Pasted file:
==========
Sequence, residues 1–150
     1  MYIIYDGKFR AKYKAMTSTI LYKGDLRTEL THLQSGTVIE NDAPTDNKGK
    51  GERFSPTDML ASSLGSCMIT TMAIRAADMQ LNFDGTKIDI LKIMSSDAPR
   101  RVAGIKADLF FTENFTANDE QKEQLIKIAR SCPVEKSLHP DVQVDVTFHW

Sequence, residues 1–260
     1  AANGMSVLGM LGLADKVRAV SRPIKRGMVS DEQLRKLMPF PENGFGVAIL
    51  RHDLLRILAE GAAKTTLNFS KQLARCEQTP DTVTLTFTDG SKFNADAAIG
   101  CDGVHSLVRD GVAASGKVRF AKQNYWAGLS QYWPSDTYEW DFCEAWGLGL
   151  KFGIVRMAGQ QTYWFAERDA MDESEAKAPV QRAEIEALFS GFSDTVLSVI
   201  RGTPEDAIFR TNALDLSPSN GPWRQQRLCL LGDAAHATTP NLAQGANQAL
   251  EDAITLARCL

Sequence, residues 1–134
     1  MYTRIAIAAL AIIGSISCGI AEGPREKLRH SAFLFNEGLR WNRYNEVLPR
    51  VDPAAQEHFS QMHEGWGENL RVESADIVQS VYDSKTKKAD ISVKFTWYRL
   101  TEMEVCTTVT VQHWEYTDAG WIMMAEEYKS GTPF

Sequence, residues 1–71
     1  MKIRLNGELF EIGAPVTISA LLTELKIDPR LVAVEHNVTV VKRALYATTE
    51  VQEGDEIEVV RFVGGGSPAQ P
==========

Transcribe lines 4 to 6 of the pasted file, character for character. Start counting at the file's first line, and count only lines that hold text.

   101  RVAGIKADLF FTENFTANDE QKEQLIKIAR SCPVEKSLHP DVQVDVTFHW

Sequence, residues 1–260
     1  AANGMSVLGM LGLADKVRAV SRPIKRGMVS DEQLRKLMPF PENGFGVAIL